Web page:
Despite ranking first in healthcare spending, the United States currently ranks 26th in life expectancy. Although no clear answers can either explain or improve this ranking, investigators of a viewpoint article published in JAMA Cardiology suggest that medicine should mirror other industries in customer targeting by tailoring therapy based on patient behaviors.
One theory that may possibly explain the gap between healthcare spending and low life expectancy in the United States includes the low adherence rates of effective medications. Investigators suggest that improvements in communication may subsequently improve overall patient engagement, resulting in greater survival rates in patients with high-risk diseases. In addition to creating more effective therapies, leveraging wireless technology, improving access to electronic patient data, and implementing recently discovered techniques in behavioral science may be effective for improving adherence among patients.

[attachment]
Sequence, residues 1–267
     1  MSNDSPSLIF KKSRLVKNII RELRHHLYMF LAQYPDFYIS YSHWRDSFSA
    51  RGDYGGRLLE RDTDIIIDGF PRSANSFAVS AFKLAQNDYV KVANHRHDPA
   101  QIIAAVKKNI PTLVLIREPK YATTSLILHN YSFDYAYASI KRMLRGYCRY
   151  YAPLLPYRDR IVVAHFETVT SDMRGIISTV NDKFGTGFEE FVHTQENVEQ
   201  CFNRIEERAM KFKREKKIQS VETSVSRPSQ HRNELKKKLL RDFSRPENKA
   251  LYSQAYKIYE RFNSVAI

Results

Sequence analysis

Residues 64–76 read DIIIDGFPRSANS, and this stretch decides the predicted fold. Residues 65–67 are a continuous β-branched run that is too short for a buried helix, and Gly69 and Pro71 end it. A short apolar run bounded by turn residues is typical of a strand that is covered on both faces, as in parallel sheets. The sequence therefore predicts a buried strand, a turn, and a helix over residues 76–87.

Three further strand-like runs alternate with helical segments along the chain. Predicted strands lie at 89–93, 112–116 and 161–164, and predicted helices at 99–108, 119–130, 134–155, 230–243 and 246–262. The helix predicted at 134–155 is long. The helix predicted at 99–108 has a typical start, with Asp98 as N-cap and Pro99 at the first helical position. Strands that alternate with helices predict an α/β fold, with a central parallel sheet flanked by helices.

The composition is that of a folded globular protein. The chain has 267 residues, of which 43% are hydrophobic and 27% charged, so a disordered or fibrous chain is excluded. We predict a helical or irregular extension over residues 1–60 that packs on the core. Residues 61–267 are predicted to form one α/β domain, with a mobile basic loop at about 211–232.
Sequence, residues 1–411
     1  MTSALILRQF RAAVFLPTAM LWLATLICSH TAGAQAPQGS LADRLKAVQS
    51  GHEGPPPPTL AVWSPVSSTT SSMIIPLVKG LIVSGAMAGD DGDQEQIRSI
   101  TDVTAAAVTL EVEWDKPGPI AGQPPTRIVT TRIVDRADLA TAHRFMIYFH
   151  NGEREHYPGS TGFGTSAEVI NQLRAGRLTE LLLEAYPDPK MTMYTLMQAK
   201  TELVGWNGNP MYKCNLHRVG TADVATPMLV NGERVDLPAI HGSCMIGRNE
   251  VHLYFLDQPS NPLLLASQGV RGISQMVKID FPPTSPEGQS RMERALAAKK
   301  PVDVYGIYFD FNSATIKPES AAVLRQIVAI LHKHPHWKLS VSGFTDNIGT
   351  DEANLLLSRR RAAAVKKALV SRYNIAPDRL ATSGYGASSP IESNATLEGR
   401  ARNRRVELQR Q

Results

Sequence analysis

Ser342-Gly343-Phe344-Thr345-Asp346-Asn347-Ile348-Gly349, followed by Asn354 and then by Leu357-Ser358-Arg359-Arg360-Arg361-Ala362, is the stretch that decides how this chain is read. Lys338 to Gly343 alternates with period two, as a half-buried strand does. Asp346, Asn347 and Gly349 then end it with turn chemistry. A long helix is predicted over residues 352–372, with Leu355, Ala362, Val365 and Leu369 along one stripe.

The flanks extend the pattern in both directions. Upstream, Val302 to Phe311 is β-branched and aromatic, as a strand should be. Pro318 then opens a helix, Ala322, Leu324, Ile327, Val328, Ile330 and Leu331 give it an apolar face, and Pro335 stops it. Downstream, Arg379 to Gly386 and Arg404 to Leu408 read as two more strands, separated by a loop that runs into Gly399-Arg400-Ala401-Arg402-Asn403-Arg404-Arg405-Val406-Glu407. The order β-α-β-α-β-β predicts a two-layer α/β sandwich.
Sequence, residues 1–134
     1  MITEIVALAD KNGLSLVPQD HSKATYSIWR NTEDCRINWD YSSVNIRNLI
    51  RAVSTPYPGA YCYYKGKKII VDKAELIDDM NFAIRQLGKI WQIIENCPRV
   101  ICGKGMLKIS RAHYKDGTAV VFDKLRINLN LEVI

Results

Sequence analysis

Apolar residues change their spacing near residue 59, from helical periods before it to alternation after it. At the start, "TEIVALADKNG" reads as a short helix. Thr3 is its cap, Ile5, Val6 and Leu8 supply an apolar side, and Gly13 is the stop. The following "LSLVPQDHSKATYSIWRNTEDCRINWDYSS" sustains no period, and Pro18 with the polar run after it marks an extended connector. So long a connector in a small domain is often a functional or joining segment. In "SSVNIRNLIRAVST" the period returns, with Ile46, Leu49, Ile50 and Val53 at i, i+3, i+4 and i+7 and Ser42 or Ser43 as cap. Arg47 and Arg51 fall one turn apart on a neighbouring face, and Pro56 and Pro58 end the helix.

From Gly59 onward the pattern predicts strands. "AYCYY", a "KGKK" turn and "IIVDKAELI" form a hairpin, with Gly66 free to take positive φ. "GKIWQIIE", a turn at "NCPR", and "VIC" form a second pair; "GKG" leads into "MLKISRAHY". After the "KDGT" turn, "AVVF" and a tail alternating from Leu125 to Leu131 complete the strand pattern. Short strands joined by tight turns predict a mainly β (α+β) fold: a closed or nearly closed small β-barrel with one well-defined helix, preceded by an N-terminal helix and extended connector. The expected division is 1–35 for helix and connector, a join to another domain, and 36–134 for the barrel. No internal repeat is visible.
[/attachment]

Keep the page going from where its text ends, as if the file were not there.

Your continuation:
Technology is consistently used to identify retail customers and to customize products for specific customers according to their social media and Internet footprint. Precision medicine provides similar customization, with targeted therapy based on molecular and cellular characteristics instead of product advertisements. The article authors suggest combining the 2 approaches: the use of data on patients’ social, behavioral, and environmental characteristics may help drive understanding or prediction of adherence, enabling the customization of the most appropriate therapeutic approach that will be highly adherent in the selected patient.
Patients using tobacco who have concomitant hypertension and hyperlipidemia, for example, may be offered statins, hypertension medication, social support, feedback via wireless technologies, and tobacco cessation aids to improve adherence and overall outcomes. Wireless technology is becoming commonly used in improving therapy adherence as well, such as in the case of remote monitoring or remote social support from family and friends.
According to the authors, a tailored program to improving patient care and outcomes “would mimic the successful paradigm of online retailing to anticipate consumer needs using prior actions and the experiences of similar people.”
Volpp KG, Krumholz HM, Asch DA. Mass customization for population health [published online March 7, 2018]. JAMA Cardiol. doi: 10.1001/jamacardio.2017.5353